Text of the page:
Lady Sylvia Hermon warns Boris Johnson not to take people in north for fools
Boris Johnson has been warned against taking the people of Northern Ireland for "fools", as he attempted to convince MPs over his Brexit deal.
Independent Lady Sylvia Hermon (North Down) warned the British prime minister that the European Union (Withdrawal Agreement) Bill fails to explain the new consent process for Northern Ireland in the draft deal.
DUP MPs also lined up to express concerns about the compatibility of the deal with the Good Friday Agreement, which requires cross-community decision-making.
DUP MP Emma Little Pengelly (Belfast South) said: "I have serious concerns that there has been some mistake in relation to the printing of the Withdrawal Agreement."
She told the Commons there had been reference in the prime minister's speech to "clauses and provisions" which would see provisions for Northern Ireland "disappear" once a free-trade deal had been signed.
She said: "I cannot find those clauses. I took the opportunity during the leader of the opposition's speech to look at it again, I cannot find those clauses within my copy."
Commons Speaker John Bercow said she should make a point of intervening when the contents of the Bill are discussed.
Labour MP Catherine McKinnell (Newcastle Upon Tyne North) said: "I too noted that the prime minister referred to checks and declarations on GB Northern Irish goods being transitory and melting away unless a majority of Northern Ireland choose to retain them.
"And I also share concerns that that is not, in fact, correct and, perhaps, there has been some confusion between the future decisions relating to a single market, and being in a customs union."
Assembly consent for extending an initial four-year period for the post-Brexit arrangements, which include the creation of an all-island regulatory zone on goods, would be done on the basis of a simple Stormont majority.
Speaking during a debate on the Bill, Lady Hermon said: "I say very clearly to the prime minister, do not take the people of Northern Ireland for fools - we are not fools. The prime minister needs to explain in detail how his new consent process operates."
Mr Johnson said the process is detailed in the unilateral declaration made between the UK and the Republic.
He added there are a "small minority of economic arrangements" in Northern Ireland which remain in alignment with the EU for four years unless and until a majority vote of the Stormont Assembly elects to remain in alignment.
DUP Westminster leader Nigel Dodds said: "It is quite clear that whatever you say about Northern Ireland being in the UK customs union, de facto the European Union customs code applies in Northern Ireland if the protocol comes into place which requires exit declarations from Northern Ireland."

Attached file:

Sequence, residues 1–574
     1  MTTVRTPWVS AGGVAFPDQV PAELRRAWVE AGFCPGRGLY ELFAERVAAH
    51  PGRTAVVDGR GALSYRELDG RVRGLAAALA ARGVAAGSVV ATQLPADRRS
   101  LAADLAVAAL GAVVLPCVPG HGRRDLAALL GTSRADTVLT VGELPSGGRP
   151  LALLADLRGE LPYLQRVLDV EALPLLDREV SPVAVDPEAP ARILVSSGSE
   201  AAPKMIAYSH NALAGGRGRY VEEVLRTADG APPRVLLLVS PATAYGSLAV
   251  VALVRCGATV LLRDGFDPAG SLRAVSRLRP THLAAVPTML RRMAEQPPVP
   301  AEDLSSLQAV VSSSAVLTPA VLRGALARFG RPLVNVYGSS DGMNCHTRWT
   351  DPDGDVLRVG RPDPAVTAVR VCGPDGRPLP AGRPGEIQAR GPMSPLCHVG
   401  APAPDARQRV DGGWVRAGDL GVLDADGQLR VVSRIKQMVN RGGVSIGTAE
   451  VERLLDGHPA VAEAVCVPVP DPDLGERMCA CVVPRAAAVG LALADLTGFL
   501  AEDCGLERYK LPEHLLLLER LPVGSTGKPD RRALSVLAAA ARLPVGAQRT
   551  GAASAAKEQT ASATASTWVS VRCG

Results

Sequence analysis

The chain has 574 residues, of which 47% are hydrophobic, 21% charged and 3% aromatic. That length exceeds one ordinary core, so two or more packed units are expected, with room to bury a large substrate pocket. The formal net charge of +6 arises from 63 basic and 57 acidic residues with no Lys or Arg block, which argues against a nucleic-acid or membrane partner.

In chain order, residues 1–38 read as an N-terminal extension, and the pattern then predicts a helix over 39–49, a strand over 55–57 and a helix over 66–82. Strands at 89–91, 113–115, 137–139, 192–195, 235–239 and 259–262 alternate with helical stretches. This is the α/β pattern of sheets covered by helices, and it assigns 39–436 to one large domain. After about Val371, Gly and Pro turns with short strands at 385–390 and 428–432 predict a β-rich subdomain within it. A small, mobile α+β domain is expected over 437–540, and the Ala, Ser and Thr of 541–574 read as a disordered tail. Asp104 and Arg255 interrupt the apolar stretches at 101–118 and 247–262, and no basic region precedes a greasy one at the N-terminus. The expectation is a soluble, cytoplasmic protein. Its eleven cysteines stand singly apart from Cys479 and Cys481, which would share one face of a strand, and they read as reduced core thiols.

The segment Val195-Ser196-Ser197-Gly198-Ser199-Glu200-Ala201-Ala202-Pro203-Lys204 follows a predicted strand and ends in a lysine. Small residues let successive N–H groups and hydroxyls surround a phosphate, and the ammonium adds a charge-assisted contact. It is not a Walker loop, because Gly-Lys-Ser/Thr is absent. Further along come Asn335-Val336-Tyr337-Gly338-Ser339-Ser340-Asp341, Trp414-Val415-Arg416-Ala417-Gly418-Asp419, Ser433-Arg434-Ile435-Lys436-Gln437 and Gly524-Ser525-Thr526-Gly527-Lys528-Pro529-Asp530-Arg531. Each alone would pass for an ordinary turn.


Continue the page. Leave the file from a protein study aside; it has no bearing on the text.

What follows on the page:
Mr Johnson replied: "There are no checks GB/NI. There will be some light-touch measures to ensure there is no illegal trade. Illegal trade in endangered animal species and banned firearms, which I think you would agree was sensible."
He added: "Even these measures evaporate and are terminated automatically, they automatically dissolve, unless a majority of the Northern Irish Assembly in Stormont votes to keep them."
DUP MP Sammy Wilson (East Antrim) also said: "The simple plank, Prime Minister, for the mechanisms ensuring both communities are protected in the Belfast Agreement is, and I state from the agreement itself, 'to ensure that all sections of the community can participate and work together, and that all sections are protected, arrangements to ensure key decisions are taken on a cross-community basis'."
He questioned how this complies with the terms of the prime minister's agreement and his earlier comments that decisions are made "on a majority basis".
Mr Johnson replied: "It is the salient feature of these arrangements, that they evaporate, they disintegrate, they vanish, unless a majority of the Northern Ireland assembly elects to keep them."
Simon Hoare, Conservative chairman of the Northern Ireland select committee, said no border communities in Northern Ireland are "fearful of a resurrection of violence and bloodshed and hatred" thanks to the prime minister's deal.
He added: "Trying to square the difficult circle of delivering Brexit, under the umbrella of the Good Friday Agreement and maintaining peace on the island of Ireland was always going to be a big ask.
"Not everybody will be happy with what the Prime Minister is bringing forward, but all communities should be happy that nobody is talking about 'a coach and horses being driven through the Good Friday Agreement'.
"And there are no communities, particularly at the border, who are now fearful of a resurrection of violence and bloodshed and hatred.
"The prime minister is to be congratulated."
But Labour leader Jeremy Corbyn said: "This Bill confirms Northern Ireland is really in the customs union of the EU and goods will be subjected to tariffs."